Carson Carr was more than happy to make his and the University's expertise available internationally this summer. Carr, associate dean of Academic Support Services and assistant vice president for Academic Affairs, visited seven historically black universities in South Africa from Aug. 1 to 25 in order to share U.S. methods regarding academic support systems, developmental courses and programs in faculty mentoring, tutoring, and counseling.
In the Spring, the National Council on Education, in collaboration with United States Aid and the Ford Foundation, familiar with Carr's success as director of Albany's Educational Opportunity Program (EOP), asked his assistance. "They asked me to visit South African schools and speak with administrators, staff, and faculty about what we do here in America and to see how we could assist them in duplicating our efforts," Carr said.
Carr stayed mostly in Johannesburg and Cape Town, and visited seven of the nation's 14 historically black universities, among them the University of the North, University of the North West, the University of the Western Cape, Peninsula of the Technicon, and the University of Fort Hare, which is the university that South African President Nelson Mandela attended.
"Most of the universities are located away from the cities" said Carr. "They're quite large, with 10,000 to 16,000 students at each. Most are residential. Up until the break-up of apartheid, most of the higher education funding went to historically white universities. The black schools are struggling to be more competitive now that the country is a democratic one."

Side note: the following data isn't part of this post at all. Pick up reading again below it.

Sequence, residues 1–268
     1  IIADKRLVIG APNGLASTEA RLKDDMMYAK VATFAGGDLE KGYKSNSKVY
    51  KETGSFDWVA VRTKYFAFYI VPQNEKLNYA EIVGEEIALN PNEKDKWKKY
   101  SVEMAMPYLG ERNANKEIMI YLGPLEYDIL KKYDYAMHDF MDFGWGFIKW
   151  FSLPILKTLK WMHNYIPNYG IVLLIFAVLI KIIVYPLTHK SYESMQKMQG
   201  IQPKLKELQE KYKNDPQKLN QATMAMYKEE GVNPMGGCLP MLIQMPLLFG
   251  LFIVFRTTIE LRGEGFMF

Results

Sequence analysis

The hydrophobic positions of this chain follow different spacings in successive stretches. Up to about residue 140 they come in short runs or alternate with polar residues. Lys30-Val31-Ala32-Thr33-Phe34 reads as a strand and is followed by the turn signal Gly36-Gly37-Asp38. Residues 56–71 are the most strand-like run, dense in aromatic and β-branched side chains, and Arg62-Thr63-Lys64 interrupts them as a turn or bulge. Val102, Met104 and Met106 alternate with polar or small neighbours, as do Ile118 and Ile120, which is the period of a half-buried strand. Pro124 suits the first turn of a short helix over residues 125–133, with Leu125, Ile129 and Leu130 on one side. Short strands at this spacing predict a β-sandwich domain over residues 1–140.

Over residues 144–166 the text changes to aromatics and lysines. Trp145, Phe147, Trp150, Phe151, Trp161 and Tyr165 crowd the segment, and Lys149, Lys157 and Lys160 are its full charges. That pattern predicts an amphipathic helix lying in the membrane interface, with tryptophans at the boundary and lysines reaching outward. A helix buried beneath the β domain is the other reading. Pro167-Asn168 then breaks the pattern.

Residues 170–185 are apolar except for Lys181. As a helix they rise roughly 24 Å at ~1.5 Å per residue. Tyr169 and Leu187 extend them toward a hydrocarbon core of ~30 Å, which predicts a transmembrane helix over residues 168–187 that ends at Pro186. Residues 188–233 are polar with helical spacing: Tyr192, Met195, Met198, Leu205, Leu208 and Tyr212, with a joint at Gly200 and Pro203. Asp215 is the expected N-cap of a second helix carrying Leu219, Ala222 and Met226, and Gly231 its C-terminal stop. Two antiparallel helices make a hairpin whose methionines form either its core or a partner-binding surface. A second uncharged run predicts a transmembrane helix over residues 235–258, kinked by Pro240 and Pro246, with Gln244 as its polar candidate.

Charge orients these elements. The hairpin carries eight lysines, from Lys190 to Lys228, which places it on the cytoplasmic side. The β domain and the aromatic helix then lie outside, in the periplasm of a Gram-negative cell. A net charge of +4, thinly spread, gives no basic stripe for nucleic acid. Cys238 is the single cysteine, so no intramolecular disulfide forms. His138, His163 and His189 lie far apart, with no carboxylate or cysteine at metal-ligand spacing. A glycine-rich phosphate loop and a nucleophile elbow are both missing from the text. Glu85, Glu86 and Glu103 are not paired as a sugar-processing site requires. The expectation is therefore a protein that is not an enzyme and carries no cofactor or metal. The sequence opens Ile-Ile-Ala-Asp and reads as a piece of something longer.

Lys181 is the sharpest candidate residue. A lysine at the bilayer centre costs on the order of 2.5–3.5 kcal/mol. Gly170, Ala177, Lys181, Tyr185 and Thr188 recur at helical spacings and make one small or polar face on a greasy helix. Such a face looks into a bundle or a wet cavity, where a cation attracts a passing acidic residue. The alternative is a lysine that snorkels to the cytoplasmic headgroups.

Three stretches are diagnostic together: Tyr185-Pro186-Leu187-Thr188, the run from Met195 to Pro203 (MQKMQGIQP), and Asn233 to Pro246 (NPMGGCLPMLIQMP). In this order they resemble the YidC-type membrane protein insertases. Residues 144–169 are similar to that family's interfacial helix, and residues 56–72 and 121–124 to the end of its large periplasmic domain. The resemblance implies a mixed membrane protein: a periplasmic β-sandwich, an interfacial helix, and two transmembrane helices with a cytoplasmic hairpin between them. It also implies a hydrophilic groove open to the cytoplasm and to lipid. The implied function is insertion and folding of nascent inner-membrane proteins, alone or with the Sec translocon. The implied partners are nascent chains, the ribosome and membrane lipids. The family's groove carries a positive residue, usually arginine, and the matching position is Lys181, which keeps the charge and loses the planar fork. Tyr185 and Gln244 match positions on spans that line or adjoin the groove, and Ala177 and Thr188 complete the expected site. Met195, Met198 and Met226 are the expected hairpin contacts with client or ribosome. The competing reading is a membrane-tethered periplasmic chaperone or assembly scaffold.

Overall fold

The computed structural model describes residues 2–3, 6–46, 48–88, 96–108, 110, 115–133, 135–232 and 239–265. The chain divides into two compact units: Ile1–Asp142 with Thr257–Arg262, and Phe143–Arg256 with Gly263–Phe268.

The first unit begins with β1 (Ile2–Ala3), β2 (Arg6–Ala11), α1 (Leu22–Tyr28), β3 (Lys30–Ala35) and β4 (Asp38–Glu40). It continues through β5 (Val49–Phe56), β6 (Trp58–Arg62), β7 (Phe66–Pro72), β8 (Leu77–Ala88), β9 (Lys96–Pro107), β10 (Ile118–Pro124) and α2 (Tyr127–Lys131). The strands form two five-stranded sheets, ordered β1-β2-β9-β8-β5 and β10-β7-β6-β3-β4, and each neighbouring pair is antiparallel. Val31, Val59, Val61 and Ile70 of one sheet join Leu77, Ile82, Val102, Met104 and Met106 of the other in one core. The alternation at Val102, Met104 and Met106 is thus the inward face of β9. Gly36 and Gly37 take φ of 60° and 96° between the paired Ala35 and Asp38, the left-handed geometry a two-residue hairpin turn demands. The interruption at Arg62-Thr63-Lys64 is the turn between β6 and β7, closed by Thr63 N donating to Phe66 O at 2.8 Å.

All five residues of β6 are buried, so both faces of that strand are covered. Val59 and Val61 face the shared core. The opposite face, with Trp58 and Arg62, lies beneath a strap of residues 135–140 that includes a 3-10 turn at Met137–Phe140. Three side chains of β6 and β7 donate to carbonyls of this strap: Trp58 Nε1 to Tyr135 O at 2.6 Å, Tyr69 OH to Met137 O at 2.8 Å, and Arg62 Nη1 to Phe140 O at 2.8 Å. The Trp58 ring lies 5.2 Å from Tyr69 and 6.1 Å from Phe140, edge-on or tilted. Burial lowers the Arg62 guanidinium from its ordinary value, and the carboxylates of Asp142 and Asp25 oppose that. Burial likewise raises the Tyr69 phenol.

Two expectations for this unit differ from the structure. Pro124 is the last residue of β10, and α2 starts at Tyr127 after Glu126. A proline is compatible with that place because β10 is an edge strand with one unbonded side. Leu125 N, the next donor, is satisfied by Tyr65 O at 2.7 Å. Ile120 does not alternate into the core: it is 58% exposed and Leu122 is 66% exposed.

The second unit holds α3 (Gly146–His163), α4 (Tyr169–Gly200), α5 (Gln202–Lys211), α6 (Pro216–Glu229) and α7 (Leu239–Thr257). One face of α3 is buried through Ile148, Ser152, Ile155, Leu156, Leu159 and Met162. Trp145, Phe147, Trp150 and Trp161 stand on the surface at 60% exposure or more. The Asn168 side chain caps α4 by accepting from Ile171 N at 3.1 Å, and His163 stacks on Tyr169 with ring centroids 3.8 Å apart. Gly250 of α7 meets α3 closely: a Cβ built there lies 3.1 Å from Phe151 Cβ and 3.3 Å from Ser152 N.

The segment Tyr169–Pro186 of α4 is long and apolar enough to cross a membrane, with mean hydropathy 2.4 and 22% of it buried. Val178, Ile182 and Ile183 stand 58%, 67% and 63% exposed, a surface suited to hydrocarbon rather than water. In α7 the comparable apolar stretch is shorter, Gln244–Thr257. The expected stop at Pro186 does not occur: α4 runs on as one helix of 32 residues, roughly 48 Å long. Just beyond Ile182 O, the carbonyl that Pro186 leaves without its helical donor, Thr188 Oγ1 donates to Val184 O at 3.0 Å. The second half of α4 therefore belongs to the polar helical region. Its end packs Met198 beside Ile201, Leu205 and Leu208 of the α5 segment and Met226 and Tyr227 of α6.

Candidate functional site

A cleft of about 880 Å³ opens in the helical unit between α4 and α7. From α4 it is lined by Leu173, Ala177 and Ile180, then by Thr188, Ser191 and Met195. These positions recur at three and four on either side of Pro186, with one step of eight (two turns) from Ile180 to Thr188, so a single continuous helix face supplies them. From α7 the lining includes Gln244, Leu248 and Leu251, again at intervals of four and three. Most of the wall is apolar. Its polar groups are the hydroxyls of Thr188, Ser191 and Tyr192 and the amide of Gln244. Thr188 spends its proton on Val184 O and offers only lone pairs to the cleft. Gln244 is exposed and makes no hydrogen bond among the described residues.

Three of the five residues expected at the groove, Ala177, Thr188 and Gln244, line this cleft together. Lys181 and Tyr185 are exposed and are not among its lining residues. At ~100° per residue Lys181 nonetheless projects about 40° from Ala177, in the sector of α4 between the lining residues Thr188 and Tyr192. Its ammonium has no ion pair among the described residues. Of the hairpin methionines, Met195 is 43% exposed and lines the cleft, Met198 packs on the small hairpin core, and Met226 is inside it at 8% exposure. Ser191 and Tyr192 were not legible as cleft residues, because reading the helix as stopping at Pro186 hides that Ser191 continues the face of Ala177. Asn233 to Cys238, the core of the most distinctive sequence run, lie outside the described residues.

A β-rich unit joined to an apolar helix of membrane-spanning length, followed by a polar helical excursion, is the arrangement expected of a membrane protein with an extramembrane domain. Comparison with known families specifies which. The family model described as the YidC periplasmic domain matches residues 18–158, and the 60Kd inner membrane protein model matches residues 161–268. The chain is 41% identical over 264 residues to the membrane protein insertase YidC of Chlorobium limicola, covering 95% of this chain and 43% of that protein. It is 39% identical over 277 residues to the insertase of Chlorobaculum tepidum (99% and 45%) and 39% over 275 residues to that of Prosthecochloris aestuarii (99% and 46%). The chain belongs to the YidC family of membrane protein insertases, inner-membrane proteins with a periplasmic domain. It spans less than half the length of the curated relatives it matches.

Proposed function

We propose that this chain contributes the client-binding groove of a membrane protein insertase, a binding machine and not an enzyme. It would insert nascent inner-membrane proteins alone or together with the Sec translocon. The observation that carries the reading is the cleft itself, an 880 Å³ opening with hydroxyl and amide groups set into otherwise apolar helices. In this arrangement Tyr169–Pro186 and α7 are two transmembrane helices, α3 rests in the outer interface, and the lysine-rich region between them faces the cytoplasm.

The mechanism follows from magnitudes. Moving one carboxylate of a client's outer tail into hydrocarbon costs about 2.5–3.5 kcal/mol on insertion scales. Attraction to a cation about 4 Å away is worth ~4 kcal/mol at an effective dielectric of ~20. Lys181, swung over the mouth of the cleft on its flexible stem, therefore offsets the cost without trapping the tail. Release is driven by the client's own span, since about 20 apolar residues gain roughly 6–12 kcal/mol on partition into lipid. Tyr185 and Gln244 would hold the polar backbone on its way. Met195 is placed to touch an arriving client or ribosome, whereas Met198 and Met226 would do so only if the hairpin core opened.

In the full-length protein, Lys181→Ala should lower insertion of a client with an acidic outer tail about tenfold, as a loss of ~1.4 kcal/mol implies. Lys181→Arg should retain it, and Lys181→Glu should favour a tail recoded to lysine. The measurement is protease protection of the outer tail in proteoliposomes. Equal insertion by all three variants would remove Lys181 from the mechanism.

Carr said the universities had a number of problems and one of the biggest was language. "Most students begin learning English in the third grade. However, their education is inferior and by the time they get to college, their first year is very difficult because they come from areas of different dialects and all university classes are taught in English." A number of these students, said Carr, have trouble avoiding failure their first year. "Many take courses in basic English while at the same time trying to pass classes taught in English," he said.
This was not Carr's first trip to Africa. Thirty years ago he was part of a team of six Presbyterian laymen who toured eight African countries to make sure missionary money was being spent wisely. That trip did not include South Africa.
"South Africa is a beautiful country physically," he said, but added that the economy is still controlled by the same people who were in control before the end of apartheid.
"The country also still has problems with racial conflict, especially among the young. They are very impatient and know they are not getting a quality education and want equality now. One of their hopes is to set up more EOP-type programs," he said, adding "I'm impressed with how many students.do want to go to college."
As part of his assignment, Carr wrote a lengthy report which he submitted to the National Council on Education, which wants to use Carr's impressions to determine where monetary help and educational initiatives are needed most urgently.
One of the projects that have come about as a result of his trip is a book collection drive. "It would not cost any money, other than postage, to send books that we are no longer using to South Africa," said Carr, who added he would also like to set up an exchange program.
Carr said he enjoyed his trip but found it a very humbling experience. "It made me realize how fortunate we really are here in America," he said.
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